Applying drug-like endpoints to omega-3s reviews bound to end in failure, experts say
Last week, Cochrane published a review titled “Omega-3 fatty acids for the primary and secondary prevention of cardiovascular disease.” The publication combed through the results of 79 randomized trials involving 112,059 subjects.
These studies assessed effects of consuming more omega-3s or using omega-3s supplements on the incidence of diseases of the heart and circulation. Of the 79 trials, 25 studies were assessed as highly trustworthy because the authors judged them to be well-designed and conducted.
Little support found for omega-3s CVD benefits
The Cochrane researchers found that increasing long-chain omega 3 provides little if any benefit on most outcomes that they looked at. Those were: All-cause mortality, cardiovascular deaths, cardiovascular events, coronary heart disease deaths, coronary heart disease events, stroke or arrhythmias (moderate and high-quality evidence).
They found high certainty evidence that long-chain omega 3 fats had little or no meaningful effect on the risk of death from any cause. The risk of death from any cause was 8.8% in subjects who had increased their intake of omega-3s, compared with 9% in participants in the control groups.
Experts questioned some of the underlying assumptions that the authors seemed to have made in choosing which studies to include in the review and the methodology used to assess the results of those studies.
Nutrients operate differently than do drugs
One of the world’s foremost omega-3s researchers, William Harris, PhD, of the Sanford School of Medicine at the University of South Dakota, said if you use drug-like protocols in assessing nutrition studies, you are liable to be disappointed.
“We agree that short-term trials with low doses of omega-3 supplements might not be able to replicate the beneficial effects of long-term fish or omega-3 intake. You can’t treat nutrients like they are drugs,” Harris told NutraIngredient-USA.
Andrea Wong, PhD, vice president of scientific and regulatory affairs for the Council for Responsible Nutrition agreed that the Cochrane authors seemed to have been looking at the studies with drug-tinted lenses.
“CVD is a complex, multifactorial disease, and expectations about the role dietary supplements can play in reducing risk must be managed responsibly. The road to good health is not a one-way street and no single action—or supplement—can clear all detours and roadblocks on this lifelong journey. Omega-3s can contribute to CVD risk reduction, but only when used in combination with other healthy choices such as diet and exercise,” she said.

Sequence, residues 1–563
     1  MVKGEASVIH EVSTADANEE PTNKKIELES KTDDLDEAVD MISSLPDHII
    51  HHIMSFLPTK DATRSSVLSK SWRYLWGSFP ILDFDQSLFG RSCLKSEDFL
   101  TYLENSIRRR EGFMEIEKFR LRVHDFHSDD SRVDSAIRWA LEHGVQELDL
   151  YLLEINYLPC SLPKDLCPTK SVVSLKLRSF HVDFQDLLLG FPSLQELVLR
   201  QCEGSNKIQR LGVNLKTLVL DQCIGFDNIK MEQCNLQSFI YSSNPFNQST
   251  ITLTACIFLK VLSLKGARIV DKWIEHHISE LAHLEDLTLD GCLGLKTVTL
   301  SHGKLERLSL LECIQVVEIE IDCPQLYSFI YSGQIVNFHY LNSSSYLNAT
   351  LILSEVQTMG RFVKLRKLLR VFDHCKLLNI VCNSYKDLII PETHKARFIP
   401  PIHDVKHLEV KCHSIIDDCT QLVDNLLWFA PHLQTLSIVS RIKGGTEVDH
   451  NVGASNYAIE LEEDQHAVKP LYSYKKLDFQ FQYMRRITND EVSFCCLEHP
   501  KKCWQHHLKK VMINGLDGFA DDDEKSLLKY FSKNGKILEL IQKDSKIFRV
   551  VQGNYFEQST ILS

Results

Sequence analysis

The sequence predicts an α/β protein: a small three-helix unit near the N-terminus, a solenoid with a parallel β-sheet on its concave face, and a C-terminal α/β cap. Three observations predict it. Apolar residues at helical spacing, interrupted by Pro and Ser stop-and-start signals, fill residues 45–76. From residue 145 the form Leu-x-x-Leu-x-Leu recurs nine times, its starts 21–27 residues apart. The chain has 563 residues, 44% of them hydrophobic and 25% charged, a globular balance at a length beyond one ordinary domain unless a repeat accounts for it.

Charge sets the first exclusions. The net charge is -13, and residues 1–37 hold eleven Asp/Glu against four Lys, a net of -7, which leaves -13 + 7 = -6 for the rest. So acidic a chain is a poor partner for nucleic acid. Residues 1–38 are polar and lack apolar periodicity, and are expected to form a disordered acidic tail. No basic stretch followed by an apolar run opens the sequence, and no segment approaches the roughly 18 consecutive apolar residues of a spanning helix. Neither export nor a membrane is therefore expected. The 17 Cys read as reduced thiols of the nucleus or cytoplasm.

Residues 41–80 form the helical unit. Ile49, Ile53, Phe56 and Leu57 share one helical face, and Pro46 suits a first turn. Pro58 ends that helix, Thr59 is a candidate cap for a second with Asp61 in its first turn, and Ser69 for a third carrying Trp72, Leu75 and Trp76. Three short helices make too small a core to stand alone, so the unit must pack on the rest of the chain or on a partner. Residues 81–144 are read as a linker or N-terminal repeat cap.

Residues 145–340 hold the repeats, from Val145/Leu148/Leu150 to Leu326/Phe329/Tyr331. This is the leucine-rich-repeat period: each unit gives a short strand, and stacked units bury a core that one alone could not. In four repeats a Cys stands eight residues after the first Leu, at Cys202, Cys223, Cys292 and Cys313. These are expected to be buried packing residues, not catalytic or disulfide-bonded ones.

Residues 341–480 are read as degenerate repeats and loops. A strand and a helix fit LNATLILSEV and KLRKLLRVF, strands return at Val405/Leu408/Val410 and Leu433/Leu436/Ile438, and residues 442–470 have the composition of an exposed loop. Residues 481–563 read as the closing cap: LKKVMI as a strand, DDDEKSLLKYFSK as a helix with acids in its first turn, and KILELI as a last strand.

Conclusions were over broad
Harris said any study on nutrition needs to look at the status of the population, and this was all over the map with the studies the authors chose to review.
“We need to understand what the studies included in these meta-analyses were testing. Typically, the people in these studies were older, already had some chronic disease, and were taking several other medications. What’s more, low doses of omega-3s were typically given, and the studies ran for only two or three years on average. We agree that omega-3s may not significantly reduce risk for heart disease in this scenario, but the conclusion that ‘omega-3s don’t improve heart health’ is far too broad,” he said.
Wong agreed that the authors painted with far too broad a brush.
“The review’s authors make a broad conclusion that both sidesteps the existing literature supporting the benefits of omega-3 fatty acids for heart health and misconstrues the role of dietary supplements as part of a healthy lifestyle. This review does not represent the totality of evidence, nor does it recognize how consumers incorporate omega-3s into their lifestyles to maintain a healthy heart in the first place,” she said.
Baseline values lacking
Harris is the co-founder of the Omega 3 Index, a method of assessing omega-3 status via a blood test. He is also president of OmegaQuant LLC, a company in Sioux City, IA that markets a mail-in blood spot version of the test.
The index is expressed as a percentage, with 8% being the baseline where the best cardioprotective benefits are to be had. Not having this baseline information in many of the studies the authors looked at greatly complicates the task of deriving an overall signal from them, he said.
“The doses of EPA and DHA typically used in these studies is unlikely to produce a cardio-protective omega-3 blood level, which would be 8% based on the Omega-3 Index. Most likely, the people in these studies reached an Omega-3 Index of about 6%, which is still 2 percentage points away from significantly reducing your risk of CHD. If you are going to treat this nutrient like a drug, a high enough dose must be used and the blood levels achieved must be confirmed,” he said.
Harris said the appreciation of the need for this kind of baseline data is informing current and future omega-3s research. He questioned the value of doing repeated meta-analyses that don’t add much to the overall discussion.
“Why do we keep doing meta-analyses on the same studies? There is no new information here. We’ve seen these high profile ‘no effect’ meta-analyses every year for the last five years, while at the same time, there have been other meta-analyses that found overall benefits for EPA and DHA that have not been widely reported on.
"This new meta-analysis is just a re-hash of old data and certainly does not provide the final answer on the omega-3 question. New data is needed and will be forthcoming,” he said.
Source: Cochrane Database of Systematic Reviews
“Omega-3 fatty acids for the primary and secondary prevention of cardiovascular disease”
Authors: Abdelhamid AS, Brown TJ, Brainard JS, et al.